Grade Calculator

Use this grade calculator to calculate your weighted average grade or final grade, as well as grading planning chart. The grade fields can take number as well as alphabetical. The weight fields need to be numerical. New row will be added automatically.

 Assignment or Test (optional)GradeWeight

Grade Planning Calculator

If you have a target for you grade, the following tool can help calculating the average grade needed for your future assignments or tests.

Current Average Grade:
Target Final Grade:
Current Total Weight:

RelatedGPA Calculator

The calculators above take any numerical grades and the classical five-point system (A, B, C, D, or F), which will be translated into points by the following equivalences.

Why We Get Letter Grades

The first college in the U.S. to use letter grades was Mount Holyoke, at the time an all-women's school, in Massachusetts. The college chose to use a scale of A, B, C, D, and E. E was failing.

Before that, Yale used a ranking system in 1785 where "optimi" (Latin for 'the best') was the highest mark, followed by second optimi, inferiore ("lower"), and pejores ("worse"). William and Mary ranked students by number, where No. 1 was the first in their class and No. 2 students were "orderly, correct and attentive."

For a while, Harvard had a numerical grading system where students were graded on a scale from 1-200 (except for math and philosophy classes, which were 1-100). Yale had a four-point scale in 1813, switched to a nine-point scale somewhere down the track, and back to a four-point scale in 1832.

The letter system was rapidly adopted by colleges and universities across the U.S. The only change made was to stop using the letter 'E,' and replace it with the letter 'F.' This was done because many students misunderstood the letter 'E' to mean 'excellent,' when it meant quite the opposite.

After World War II, some schools—many in the Midwest—decided to go back to E, getting rid of F.

In truth, any letter could stand in for E or F and still mean the same thing. Some schools use "U" for "unsatisfactory" or N for "no credit." Educators could use just about any letter and it would amount to the same thing. It is simply an indicator of a non-passing grade.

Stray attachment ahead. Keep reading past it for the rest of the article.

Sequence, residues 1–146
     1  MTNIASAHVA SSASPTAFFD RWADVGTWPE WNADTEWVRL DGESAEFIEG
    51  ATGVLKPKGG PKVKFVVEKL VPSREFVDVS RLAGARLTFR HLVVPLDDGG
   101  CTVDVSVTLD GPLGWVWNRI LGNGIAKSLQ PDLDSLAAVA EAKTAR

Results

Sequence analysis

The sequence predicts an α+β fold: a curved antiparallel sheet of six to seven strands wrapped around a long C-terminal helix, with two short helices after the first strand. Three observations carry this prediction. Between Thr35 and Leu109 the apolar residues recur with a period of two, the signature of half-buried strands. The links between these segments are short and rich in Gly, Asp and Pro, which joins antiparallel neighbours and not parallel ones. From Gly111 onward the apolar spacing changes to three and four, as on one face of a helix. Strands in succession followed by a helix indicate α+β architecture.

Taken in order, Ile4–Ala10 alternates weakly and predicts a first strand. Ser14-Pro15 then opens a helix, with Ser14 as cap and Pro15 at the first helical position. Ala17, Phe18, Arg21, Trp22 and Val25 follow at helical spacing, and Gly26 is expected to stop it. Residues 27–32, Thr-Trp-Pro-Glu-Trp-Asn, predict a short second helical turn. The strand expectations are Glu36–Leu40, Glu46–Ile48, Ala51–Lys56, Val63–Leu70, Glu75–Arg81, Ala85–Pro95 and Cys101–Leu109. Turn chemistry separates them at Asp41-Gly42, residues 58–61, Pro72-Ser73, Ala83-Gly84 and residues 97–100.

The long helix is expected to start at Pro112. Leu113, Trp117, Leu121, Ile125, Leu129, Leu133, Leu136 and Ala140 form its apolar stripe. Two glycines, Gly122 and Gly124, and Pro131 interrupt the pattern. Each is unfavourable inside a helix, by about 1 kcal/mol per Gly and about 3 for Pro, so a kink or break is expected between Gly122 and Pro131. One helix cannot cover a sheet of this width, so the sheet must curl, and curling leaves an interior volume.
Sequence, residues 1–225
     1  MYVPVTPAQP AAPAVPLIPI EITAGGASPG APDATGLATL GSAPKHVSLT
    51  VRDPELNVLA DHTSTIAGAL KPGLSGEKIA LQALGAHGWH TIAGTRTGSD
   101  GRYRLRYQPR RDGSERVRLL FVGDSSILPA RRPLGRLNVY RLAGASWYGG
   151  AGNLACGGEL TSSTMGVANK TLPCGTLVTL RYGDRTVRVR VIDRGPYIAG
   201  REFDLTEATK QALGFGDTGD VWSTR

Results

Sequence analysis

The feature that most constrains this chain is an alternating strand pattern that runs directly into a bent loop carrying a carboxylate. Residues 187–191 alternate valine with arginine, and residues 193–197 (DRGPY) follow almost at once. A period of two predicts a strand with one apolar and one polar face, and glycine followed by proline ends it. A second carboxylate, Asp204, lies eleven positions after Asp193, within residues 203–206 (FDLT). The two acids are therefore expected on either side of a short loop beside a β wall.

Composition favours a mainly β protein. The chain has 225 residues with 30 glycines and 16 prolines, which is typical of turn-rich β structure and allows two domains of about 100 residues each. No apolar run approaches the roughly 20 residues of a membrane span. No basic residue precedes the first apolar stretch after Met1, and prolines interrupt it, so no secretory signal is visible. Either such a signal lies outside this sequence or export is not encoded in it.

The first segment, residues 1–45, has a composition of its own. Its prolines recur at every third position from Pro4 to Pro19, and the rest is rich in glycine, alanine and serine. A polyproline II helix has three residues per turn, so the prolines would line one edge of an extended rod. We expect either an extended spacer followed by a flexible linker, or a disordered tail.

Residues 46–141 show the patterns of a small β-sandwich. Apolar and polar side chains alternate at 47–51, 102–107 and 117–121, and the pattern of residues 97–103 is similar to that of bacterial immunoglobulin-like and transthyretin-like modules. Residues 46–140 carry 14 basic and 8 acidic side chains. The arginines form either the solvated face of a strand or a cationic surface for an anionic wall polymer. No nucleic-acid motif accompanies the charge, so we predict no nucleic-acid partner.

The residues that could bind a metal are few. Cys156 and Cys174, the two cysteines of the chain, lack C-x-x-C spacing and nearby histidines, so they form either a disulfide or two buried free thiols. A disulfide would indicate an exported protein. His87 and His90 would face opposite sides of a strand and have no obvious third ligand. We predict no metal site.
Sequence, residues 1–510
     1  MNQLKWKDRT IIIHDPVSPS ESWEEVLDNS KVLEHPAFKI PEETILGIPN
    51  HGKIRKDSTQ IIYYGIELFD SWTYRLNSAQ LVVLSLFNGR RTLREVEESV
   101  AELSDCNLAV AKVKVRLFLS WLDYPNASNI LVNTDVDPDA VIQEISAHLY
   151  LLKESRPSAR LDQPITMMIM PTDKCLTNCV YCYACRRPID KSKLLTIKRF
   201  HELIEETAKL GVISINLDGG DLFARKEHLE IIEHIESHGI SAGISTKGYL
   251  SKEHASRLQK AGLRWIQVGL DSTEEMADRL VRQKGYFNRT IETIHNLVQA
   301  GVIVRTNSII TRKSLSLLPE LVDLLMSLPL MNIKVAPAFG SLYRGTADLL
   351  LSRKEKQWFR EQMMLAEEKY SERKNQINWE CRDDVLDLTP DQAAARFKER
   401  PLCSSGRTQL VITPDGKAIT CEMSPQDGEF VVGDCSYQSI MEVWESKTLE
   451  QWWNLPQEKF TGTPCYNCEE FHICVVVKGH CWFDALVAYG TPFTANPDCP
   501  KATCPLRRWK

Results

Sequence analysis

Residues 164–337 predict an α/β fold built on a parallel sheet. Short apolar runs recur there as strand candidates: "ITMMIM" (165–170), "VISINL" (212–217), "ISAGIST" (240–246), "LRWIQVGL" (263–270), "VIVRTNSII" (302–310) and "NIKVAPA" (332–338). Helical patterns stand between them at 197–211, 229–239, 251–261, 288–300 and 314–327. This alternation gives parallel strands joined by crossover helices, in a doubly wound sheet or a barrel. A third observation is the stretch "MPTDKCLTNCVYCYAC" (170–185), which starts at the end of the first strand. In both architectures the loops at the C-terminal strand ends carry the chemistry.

Do We Need Letter Grades

Many educators would like to see letter grades disappear. Critics of the grading scale believe a written analysis of students' work would be far more useful, providing specifics to change.

Supporters of the letter grading system claim that students and parents probably wouldn't read written evaluations. It is well-known that overworked teachers don't have time to provide extensive written evaluation on homework and tests.

Educators know that letter grades only provide a general idea of student performance, but they are not likely to change the system. They say that letter grades motivate many students. The goal of earning an "A" or avoiding an "F" is often enough to make students study and prepare for that next exam.

What letter grades don't do is to help students develop a growing and persistent interest in the subject, one that will empower them to continue learning beyond the tests, or even to use or remember what they learned. While letter grades motivate, they also demotivate students by discouraging them, sometimes pressuring the same students that they motivate. Ultimately, a teacher that depends upon letter grades as the sole or primary motivator risks missing out on the experience of cultivating a high-impact learning community of purpose and possibility.

Carrot and stick tactics are too extreme, many educators say. They only work in the short term.

Many educators try to create an environment that limits the role of grades in motivating students. They try to increase student performance by concentrating on where and how the students do well. It is a very different thing to learn alongside a group that wants to get a good grade. It is a completely different experience to learn with a group of people who develop a drive to learn for other reasons.

How Professors Grade

Students rarely learn the way in which professors grade both papers and tests. First of all, they don't spend a lot of time doing it. Educational studies show that most college teachers spend no more than 10 minutes on a paper or a written exam.

How can they do this? The reason is because they have so much experience grading students who take their courses. When you have graded 50, or even 70 papers a week over and over again for months, you begin to have a very good idea of what to expect. This is why students should be precise in what they write and careful in following logic.

It is also little known that grading is often outsourced. In large classes at large colleges, the professor giving the lecture is rarely the one who does the grading. Instead, there is usually a cadre of low-paid grad students who do the grading ‐ and probably not the ones who run your discussion sections. It's more likely that your grader might be an unseen and unnamed person who has been hired only to grade the written work, with no other duties in the course. Some professors actively manage the grad student or grader, going over sample papers and setting a grading scale. But other professors are happy to delegate the whole job to the underling and never set eyes on student work.